Living wage needed for human service workers
Their lives are on the line every day
THROUGHOUT THE CORONAVIRUS pandemic, we have heralded the selfless heroism of our health care workforce and first responders. The doctors, nurses, allied health professionals, EMTs, firefighters, and police continue to rise to the challenges we face, and we are awed by their performance and are forever grateful.
But there is another group of heroes we must add to the list to thank – our human services direct support professionals (DSPs), people who work with individuals with significant disabilities and other life challenges to ensure our most vulnerable children and adults are physically and emotionally well.
These professionals are quietly doing their jobs, with added responsibilities and heightened risk, only they are not as visible because their work is integrated into community-based settings. They provide individualized supports and services in the most dignified ways – just as you and I would expect. As we work to emerge safely from this pandemic, we must step up and justly compensate this group of DSP heroes, as we justly compensate our health care workers and first responders, because their lives are also on the line every day.
The needs are complex for the populations DSPs support. Individuals with intellectual and developmental disabilities, behavioral disorders, mental health challenges, autism, or brain injury often have co-occurring complex medical conditions. These populations are cared for by a workforce that provides everything from social supports to complex skilled nursing care. This care is provided in community-based settings, homes supported by provider agencies, or in the homes of aging parents.
In our country, our human service workforce is shrinking while the demand for services continues to increase. Because the responsibilities of the job do not correlate with the compensation, successful recruiting for these positions is extremely difficult. The turnover is enormous , roughly 45 percent in the US.
The staff churn is extremely difficult for supported individuals who struggle with the constant change in caregivers. This growing crisis is due to several factors, the most significant being inadequate state and federal funding to human service provider agencies, all while our nation’s population of elderly and people with disabilities is growing.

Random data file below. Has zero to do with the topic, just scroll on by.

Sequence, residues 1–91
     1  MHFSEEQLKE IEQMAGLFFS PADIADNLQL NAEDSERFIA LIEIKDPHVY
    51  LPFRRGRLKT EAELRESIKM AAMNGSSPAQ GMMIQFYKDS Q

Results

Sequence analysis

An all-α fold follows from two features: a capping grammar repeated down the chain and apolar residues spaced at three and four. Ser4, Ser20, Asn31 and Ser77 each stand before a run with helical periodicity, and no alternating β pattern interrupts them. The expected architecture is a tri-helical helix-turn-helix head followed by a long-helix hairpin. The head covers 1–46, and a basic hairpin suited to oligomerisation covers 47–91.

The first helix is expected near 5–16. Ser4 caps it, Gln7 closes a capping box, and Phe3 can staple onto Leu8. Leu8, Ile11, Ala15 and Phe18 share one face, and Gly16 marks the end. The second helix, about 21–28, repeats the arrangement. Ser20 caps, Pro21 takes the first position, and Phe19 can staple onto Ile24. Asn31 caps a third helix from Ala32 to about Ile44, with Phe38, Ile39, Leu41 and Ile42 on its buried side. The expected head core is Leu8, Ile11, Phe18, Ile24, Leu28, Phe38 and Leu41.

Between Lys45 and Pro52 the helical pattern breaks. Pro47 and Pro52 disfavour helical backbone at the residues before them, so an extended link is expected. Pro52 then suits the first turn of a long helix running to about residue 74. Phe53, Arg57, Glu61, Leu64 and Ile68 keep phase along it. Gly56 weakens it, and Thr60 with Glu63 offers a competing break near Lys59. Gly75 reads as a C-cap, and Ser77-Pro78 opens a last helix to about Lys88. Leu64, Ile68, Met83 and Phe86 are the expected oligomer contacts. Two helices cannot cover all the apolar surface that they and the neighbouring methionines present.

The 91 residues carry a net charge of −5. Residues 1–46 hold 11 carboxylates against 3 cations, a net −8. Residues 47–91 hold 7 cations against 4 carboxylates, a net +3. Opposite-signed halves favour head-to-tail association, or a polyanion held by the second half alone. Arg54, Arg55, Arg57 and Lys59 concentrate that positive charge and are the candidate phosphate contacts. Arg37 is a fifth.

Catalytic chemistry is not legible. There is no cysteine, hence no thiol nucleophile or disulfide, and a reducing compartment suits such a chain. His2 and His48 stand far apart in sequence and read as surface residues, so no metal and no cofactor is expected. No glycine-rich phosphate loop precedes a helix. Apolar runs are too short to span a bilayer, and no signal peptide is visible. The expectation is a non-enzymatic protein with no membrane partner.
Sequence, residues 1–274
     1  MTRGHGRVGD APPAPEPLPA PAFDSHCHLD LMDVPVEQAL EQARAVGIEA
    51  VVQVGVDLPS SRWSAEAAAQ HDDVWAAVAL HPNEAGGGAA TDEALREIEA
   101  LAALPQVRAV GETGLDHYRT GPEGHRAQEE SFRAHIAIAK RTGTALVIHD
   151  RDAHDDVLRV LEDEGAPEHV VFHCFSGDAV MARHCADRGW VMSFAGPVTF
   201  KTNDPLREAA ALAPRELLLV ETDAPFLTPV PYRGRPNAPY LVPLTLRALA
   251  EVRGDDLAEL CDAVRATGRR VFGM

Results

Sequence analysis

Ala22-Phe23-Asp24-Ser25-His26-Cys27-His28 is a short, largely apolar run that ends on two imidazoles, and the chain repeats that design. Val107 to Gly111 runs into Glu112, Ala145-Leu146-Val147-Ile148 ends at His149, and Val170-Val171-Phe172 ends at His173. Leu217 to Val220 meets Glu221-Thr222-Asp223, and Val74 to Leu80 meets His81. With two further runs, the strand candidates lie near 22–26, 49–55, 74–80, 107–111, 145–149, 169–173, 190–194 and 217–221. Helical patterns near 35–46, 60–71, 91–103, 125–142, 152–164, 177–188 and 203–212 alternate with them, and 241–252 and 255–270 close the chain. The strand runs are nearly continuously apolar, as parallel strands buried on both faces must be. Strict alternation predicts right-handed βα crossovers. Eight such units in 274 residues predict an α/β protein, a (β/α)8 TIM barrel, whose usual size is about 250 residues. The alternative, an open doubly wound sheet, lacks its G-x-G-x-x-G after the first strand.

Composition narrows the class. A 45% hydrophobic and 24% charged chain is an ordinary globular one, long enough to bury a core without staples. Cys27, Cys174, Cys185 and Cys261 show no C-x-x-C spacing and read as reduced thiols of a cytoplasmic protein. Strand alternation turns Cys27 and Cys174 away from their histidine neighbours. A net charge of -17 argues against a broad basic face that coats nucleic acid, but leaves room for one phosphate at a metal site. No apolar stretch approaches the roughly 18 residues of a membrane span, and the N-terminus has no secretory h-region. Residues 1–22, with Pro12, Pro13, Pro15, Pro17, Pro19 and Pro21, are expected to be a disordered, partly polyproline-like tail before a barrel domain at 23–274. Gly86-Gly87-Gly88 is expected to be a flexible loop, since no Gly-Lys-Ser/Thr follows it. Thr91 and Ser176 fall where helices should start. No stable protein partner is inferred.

In Massachusetts, median wages for the DSP human services workforce are just over $27,000, compared with a median wage of $40,500 for all other industries in the state. We must work to ensure that the lowest paid human services workers receive a livable wage commensurate with the critical services and specialized care that they provide. By compensating our DSPs at such low rates, we have set up a scenario where they are “less than” – and this is simply unacceptable.
DSPs are the backbone of our human services workforce and to not recognize and value their place as heroes in the health care sector simply perpetuates the notion that individuals with disabilities are not fully valued in our society.
We have passed laws to foster inclusion, such as the Americans with Disabilities Act and the Individuals with Disabilities Education Act, and the Supreme Court has validated those principals through its decision on the Olmstead case in 1999, which ensured an individual’s right to live in the community when appropriate.
We need to continue to ensure that all Americans will have the supports they need – regardless of the extent of any disability or impairment – to live in the community and direct their services, and this can only be done if we can provide the workforce needed to achieve their goals. It is up to us to provide equity not only for the individuals receiving services, but equity for the professional workforce providing the
Though greatly needed and valued, the commitment to the additional funding by both states ends in June. What happens then?
We need Baker and Raimondo to make permanent the current supplemental hourly pay to DSPs and commit to a path toward establishing a “living wage” for the profession. It is time to sound the call to keep these salary enhancements in place as COVID-19 has exposed the inadequacies of reimbursement for this workforce.Let’s come together to secure the funding and pay a living wage that honors our human services professionals.
Dr. David A. Jordan is the president of Seven Hills Foundation of Worcester, which offers support and services to 45,000 children, adults, and seniors with disabilities and other life challenges at 160 locations in Massachusetts and Rhode Island. For more information, click here.